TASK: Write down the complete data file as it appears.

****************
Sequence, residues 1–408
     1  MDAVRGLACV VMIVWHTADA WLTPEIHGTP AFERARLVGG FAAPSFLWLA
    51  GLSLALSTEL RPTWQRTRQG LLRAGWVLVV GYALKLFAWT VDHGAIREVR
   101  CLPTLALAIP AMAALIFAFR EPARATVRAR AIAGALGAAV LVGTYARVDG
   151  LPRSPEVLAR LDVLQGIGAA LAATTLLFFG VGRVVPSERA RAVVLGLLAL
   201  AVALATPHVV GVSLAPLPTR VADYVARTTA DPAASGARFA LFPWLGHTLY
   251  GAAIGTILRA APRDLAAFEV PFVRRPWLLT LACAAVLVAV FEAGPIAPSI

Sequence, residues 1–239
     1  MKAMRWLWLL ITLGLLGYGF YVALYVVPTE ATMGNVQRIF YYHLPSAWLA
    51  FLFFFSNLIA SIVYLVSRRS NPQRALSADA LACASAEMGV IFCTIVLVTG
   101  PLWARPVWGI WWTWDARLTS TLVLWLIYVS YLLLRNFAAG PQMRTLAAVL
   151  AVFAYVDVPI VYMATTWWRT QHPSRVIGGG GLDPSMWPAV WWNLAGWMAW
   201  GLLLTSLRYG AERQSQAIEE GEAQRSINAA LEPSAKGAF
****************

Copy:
Sequence, residues 1–408
     1  MDAVRGLACV VMIVWHTADA WLTPEIHGTP AFERARLVGG FAAPSFLWLA
    51  GLSLALSTEL RPTWQRTRQG LLRAGWVLVV GYALKLFAWT VDHGAIREVR
   101  CLPTLALAIP AMAALIFAFR EPARATVRAR AIAGALGAAV LVGTYARVDG
   151  LPRSPEVLAR LDVLQGIGAA LAATTLLFFG VGRVVPSERA RAVVLGLLAL
   201  AVALATPHVV GVSLAPLPTR VADYVARTTA DPAASGARFA LFPWLGHTLY
   251  GAAIGTILRA APRDLAAFEV PFVRRPWLLT LACAAVLVAV FEAGPIAPSI

Sequence, residues 1–239
     1  MKAMRWLWLL ITLGLLGYGF YVALYVVPTE ATMGNVQRIF YYHLPSAWLA
    51  FLFFFSNLIA SIVYLVSRRS NPQRALSADA LACASAEMGV IFCTIVLVTG
   101  PLWARPVWGI WWTWDARLTS TLVLWLIYVS YLLLRNFAAG PQMRTLAAVL
   151  AVFAYVDVPI VYMATTWWRT QHPSRVIGGG GLDPSMWPAV WWNLAGWMAW
   201  GLLLTSLRYG AERQSQAIEE GEAQRSINAA LEPSAKGAF